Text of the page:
Theatre Guild of Webster Groves

The Webster Groves Theatre Guild is believed to be haunted by the spirit of a little girl. There, she is playful, enjoying tricking people during rehearsals; she roams around the upper portion of the theatre. In the basement, there is the ghost of an elderly woman that is said to frighten the little girl.

Orpheum Theatre in Memphis, Tennessee

The Grande Opera House was built in 1890 on the corner of Main and Beale Street, and was deemed “the classiest theatre outside of New York City”. In 1907, it became part of the Orpheum Vaudeville circuit, which prompted the theater to be renamed the Orpheum Theatre. For nearly two decades, vaudeville remained popular and successful, drawing in large crowds.

Tragedy struck when twelve-year-old Mary was killed in an accident outside of the Orpheum Theatre in 1921. Two years later, a fire broke out during a show with singer Blossom Seeley, and the theater burned to the ground. It was rebuilt on the original site of The Grand in 1928 at the cost of $1.6 million. It was double the size of the old theater, and it featured new decorations and a Wurlitzer pipe organ.

In 1940, the Orpheum Theatre was purchased by the Malco movie theater chain, where they presented first-run movies. The theater remained in use until 1976, when Malco sold the building. Demolition was in store for the Orpheum, as there was talk of building an office complex in its place. However, the Memphis Development Foundation purchased it the following year, and they brought Broadway productions and concerts back to the theater.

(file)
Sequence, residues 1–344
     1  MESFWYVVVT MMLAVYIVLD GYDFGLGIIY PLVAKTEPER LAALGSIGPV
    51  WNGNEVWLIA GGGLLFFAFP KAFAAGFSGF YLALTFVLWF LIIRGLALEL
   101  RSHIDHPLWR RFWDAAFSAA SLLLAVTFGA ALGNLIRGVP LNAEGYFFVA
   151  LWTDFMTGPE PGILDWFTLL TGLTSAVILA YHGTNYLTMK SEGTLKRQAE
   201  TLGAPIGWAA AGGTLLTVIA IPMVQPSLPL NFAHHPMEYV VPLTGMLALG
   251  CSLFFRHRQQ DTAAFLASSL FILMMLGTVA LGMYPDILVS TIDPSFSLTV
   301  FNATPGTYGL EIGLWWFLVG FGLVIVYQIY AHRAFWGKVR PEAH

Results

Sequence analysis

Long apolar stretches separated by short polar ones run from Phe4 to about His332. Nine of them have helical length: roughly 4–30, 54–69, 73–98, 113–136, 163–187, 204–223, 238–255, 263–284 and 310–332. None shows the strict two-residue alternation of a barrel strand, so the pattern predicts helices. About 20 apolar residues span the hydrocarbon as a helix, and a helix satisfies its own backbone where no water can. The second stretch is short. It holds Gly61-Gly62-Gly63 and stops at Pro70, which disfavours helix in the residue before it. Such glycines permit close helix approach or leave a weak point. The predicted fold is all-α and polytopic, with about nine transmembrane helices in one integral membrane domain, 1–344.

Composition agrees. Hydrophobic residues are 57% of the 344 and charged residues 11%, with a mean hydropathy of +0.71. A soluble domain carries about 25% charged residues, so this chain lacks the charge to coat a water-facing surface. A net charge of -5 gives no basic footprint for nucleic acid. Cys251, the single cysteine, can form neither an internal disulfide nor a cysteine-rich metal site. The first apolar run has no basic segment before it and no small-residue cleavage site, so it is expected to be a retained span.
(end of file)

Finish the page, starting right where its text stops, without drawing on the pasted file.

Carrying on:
On Christmas, 1982, a $4.7 million renovation project began to restore the Orpheum Theatre to how it looked back in 1928. A grand reopening took place in January 1984. Having survived all of its bankruptcies, a disastrous fire, and the threat of demolition, the Orpheum rose above it all to become a premier performing arts center. Called “The South’s Finest Theatre”, it presents more Broadway touring productions on an average annual basis than any other theater in the country.

Actor Yul Brynner, who was reputedly very psychic, saw the apparition of Mary, dressed in a 1920s style dress, sitting on the balcony in her favorite seat (CF). This was during the time that “The King and I” was playing – a play that Brynner was acting in. Cast members of “Fiddler on the Roof” spotted her in the same seat, seemingly enjoying the show; on opening night, a few of the actors and actresses held a séance on the balcony and actually made contact with Mary.